About 70% of job openings in Washington state over the next five years will require some form of postsecondary education. Yet today, only 40% of Washington students complete a credential after high school. It doesn’t take a Ph.D. in math to figure out that’s a problem.

In 2019, the Legislature wisely approved the Workforce Education Investment Act to address the issue. It not only funded sliding-scale college scholarships but also established the Career Connect Washington system to help students with alternate career pathways.

Although there is still a long way to go, in less than two years, the public-private initiative — a coalition of industry, labor and education leaders — has built a strong foundation. More than 90 career and apprenticeship programs have been approved and almost 13,000 students enrolled, according to a new report. It is a milestone worth celebrating.

The common nearly myopic focus on getting all students into a four-year college has shifted for the better over the last few years. However, recognizing there are different pathways to a successful career and a good-paying job is only the first step. It is even more crucial to allow students to gain real world experience and explore those options.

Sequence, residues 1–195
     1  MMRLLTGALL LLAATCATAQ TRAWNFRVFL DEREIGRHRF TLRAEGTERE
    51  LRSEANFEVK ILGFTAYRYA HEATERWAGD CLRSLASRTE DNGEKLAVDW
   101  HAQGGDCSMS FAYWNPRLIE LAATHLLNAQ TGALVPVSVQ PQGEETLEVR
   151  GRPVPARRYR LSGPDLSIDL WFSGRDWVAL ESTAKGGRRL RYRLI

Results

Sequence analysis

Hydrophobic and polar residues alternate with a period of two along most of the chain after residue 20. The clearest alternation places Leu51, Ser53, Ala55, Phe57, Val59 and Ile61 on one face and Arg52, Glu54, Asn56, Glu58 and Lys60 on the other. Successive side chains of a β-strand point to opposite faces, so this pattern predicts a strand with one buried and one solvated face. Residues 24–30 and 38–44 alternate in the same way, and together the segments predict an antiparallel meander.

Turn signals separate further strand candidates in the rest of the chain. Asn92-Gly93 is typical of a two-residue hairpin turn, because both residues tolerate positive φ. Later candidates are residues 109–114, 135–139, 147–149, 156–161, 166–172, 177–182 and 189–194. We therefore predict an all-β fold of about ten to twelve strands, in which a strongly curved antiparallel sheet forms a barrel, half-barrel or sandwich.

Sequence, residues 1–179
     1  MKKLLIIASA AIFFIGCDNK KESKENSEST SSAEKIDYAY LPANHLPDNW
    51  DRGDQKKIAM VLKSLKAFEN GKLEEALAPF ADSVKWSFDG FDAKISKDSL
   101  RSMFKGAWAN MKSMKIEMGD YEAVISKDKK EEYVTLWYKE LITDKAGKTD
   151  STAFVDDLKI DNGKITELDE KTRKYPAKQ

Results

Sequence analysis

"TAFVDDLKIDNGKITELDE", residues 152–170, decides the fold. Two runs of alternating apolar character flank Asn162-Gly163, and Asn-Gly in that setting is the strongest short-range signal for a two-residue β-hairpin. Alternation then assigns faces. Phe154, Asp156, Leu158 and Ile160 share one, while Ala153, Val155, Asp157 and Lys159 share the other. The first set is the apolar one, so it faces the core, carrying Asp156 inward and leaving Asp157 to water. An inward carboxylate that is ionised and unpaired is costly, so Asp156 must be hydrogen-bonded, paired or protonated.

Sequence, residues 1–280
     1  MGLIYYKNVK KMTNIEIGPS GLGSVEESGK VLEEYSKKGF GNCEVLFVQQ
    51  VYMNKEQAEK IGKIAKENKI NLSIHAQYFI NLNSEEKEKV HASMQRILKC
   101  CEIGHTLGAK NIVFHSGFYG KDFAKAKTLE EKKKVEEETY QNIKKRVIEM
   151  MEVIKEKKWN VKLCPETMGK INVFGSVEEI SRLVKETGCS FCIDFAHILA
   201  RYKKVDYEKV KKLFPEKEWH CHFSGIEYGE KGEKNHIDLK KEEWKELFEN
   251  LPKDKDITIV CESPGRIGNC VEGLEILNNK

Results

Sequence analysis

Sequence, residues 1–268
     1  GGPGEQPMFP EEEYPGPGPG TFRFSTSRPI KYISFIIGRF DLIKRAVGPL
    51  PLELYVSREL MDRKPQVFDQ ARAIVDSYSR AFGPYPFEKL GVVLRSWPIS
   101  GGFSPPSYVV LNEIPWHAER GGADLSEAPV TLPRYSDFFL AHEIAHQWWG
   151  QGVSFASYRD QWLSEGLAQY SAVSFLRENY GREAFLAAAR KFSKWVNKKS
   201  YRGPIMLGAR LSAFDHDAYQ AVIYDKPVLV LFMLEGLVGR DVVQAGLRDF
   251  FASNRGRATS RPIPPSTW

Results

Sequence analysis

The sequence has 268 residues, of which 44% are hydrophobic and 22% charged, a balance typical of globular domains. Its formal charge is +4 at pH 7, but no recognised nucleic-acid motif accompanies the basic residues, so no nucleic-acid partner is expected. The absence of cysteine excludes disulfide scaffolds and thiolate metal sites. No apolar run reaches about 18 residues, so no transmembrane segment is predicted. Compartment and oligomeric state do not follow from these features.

Successful apprenticeship programs and industry-focused education — such as Raisbeck Aviation High School — are not new to the area, but Career Connect wants to expand and support high-quality programs across the state.

By the time the Class of 2030 graduates, the goal is for all students to be exposed to career opportunities or receive career-specific training, with 60% of students completing a paid job program aligned with academic instruction by the time they are 30.


Participation in a career program does not preclude someone from pursuing a traditional college degree. Ideally, it gives students the choice to continue academically, seek additional training or start their career, officials said.

“It makes sense for parents and it makes sense for young people. They love the idea of doing something in the real world,” said Maud Daudon, head of Career Connect Washington. “It also makes sense for employers because they’re desperate for talent.”

Current programs are available in a variety of industries, including aerospace, automotive, biotech, education, health care, information technology and manufacturing. Career Connect provides an online directory featuring opportunities throughout the state, with hundreds available in Seattle alone.

To truly make a dent in the need for qualified workers, that 13,000 enrollment figure needs to be closer to 50,000, officials said, but there is the will and the momentum to get there over the next eight years. Right now, the problem is letting people know.

“The biggest challenge we have is actually students knowing where to find these programs. It’s very difficult,” Daudon said. “We need to spread the word.”

Consider it spread.